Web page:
IN the following year came the Caudine Peace,1
the notorious sequel of a disaster to the Roman arms.
Titus Veturius Calvinus and Spurius Postumius were consuls.2
The Samnites had that year for their general Gaius Pontius, whose father Herennius far excelled them all in wisdom, while the son was their foremost warrior and captain.
when the envoys who had been dispatched to make restitution returned without having achieved a peace, Pontius said: “you must not think that this embassy has been of no avail: whatever divine resentment we incurred by breaking the treaty3
has been appeased.
well do I know that whatever gods desired that we might be compelled to restore the spoils which had been demanded again of us in accordance with the treaty did not desire that our expiation of the treaty should be so scornfully rejected by the Romans.
for what more could have been done to mollify the gods and to placate men than we have done? The goods of the enemy which we had taken as booty, and regarded as our own by the laws of war, we restored to them;
the authors of the war, whom we could not surrender living, we surrendered dead; their possessions —that no guilt might remain with us from touching them —we carried to Rome.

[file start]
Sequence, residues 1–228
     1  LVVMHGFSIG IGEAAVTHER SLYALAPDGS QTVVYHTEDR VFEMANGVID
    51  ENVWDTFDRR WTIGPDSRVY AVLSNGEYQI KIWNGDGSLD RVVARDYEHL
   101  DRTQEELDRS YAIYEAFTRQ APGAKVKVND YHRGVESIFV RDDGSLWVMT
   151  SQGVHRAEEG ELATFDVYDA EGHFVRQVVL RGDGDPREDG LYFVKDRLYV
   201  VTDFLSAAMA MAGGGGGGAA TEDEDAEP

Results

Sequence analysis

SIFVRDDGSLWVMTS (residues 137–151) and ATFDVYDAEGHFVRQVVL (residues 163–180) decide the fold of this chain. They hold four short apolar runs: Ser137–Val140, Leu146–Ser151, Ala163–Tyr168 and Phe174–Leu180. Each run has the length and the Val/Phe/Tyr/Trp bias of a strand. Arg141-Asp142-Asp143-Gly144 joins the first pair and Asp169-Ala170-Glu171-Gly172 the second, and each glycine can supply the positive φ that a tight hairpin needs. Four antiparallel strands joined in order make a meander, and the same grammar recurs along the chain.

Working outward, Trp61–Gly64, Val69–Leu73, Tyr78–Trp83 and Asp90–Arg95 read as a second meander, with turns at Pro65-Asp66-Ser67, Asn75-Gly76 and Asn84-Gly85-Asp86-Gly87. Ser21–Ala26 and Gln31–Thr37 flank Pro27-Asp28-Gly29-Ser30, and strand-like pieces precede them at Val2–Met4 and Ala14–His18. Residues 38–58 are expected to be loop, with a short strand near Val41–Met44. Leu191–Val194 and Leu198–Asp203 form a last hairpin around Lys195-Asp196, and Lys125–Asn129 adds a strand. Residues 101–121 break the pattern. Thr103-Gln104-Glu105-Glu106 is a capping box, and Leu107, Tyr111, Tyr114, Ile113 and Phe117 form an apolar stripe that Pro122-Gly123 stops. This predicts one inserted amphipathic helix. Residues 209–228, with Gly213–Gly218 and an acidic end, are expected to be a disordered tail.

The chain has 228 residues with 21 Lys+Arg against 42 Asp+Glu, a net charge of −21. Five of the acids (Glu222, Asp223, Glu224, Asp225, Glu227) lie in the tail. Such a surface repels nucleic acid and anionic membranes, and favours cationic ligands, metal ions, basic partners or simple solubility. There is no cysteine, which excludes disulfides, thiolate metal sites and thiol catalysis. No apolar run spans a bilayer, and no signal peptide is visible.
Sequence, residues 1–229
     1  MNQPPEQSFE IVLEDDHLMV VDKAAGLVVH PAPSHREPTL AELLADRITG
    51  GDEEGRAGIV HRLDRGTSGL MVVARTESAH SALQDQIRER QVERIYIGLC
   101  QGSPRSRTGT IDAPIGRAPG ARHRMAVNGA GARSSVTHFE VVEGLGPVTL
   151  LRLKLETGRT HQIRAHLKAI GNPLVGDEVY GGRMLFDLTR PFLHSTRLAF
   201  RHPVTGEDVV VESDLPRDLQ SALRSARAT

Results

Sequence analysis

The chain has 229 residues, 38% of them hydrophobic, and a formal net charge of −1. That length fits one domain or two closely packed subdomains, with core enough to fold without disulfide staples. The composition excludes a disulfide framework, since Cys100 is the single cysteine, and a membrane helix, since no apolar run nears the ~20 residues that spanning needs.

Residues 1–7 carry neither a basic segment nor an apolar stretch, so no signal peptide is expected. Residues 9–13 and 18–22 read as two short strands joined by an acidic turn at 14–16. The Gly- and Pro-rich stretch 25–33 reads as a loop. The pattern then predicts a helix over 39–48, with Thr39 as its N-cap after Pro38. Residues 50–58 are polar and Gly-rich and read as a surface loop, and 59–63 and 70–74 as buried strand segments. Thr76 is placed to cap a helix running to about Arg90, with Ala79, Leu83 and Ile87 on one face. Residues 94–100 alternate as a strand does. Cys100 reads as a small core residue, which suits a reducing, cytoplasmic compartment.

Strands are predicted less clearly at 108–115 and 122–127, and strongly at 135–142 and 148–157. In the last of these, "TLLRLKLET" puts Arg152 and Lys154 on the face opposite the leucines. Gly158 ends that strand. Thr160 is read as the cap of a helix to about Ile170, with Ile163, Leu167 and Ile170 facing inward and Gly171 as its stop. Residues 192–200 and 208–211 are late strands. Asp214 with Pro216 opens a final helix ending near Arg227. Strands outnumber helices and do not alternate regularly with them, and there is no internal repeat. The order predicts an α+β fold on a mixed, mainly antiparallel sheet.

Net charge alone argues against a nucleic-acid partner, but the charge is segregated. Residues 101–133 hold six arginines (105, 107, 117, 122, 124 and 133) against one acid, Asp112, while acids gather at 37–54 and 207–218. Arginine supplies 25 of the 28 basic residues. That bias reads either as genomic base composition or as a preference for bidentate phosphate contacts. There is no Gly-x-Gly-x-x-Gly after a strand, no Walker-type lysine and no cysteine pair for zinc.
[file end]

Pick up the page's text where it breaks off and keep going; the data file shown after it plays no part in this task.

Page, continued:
what more do I owe to you, Romans, or to the treaty, or to the gods, its witnesses? whom can I proffer as umpire betwixt [p. 165]
your anger and my punishment? i refuse no nation,4
no private citizen.
but if, in dealing with the mighty, the weak are left no human rights, yet will I seek protection of the gods, who visit retribution on intolerable pride, and will beseech them that they tum their anger against those who are not content with the restitution of their own possessions, nor the heaping up in addition of
other men's; whose rage is not sated with the death of the guilty, nor with the surrender of their lifeless bodies, nor with the master's goods going with that surrender —unless we yield them our blood to drink and our flesh to rend.
Samnites, that war is just which is necessary, and righteous are their arms to whom, save only in arms, no hope is left.
since, therefore, it is of the utmost moment in the affairs of men whether what they undertake be pleasing in the sight of Heaven or whether it be offensive, be well assured that you waged your former war rather against gods than men, but that you will wage this war now threatening with the gods themselves for your leaders.”